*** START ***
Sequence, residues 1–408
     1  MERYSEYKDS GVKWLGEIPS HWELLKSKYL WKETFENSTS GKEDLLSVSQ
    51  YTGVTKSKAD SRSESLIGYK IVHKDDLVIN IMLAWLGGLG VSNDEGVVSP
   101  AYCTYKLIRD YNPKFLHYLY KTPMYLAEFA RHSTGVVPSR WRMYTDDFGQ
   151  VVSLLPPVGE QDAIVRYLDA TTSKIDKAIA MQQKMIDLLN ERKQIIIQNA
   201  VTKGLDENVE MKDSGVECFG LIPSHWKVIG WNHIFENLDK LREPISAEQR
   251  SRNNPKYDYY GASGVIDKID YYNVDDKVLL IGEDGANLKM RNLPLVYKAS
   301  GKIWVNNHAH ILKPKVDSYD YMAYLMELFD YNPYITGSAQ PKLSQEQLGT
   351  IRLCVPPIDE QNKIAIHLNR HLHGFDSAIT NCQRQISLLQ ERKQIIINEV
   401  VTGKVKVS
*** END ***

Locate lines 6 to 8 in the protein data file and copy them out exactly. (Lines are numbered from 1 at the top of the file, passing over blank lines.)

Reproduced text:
   201  VTKGLDENVE MKDSGVECFG LIPSHWKVIG WNHIFENLDK LREPISAEQR
   251  SRNNPKYDYY GASGVIDKID YYNVDDKVLL IGEDGANLKM RNLPLVYKAS
   301  GKIWVNNHAH ILKPKVDSYD YMAYLMELFD YNPYITGSAQ PKLSQEQLGT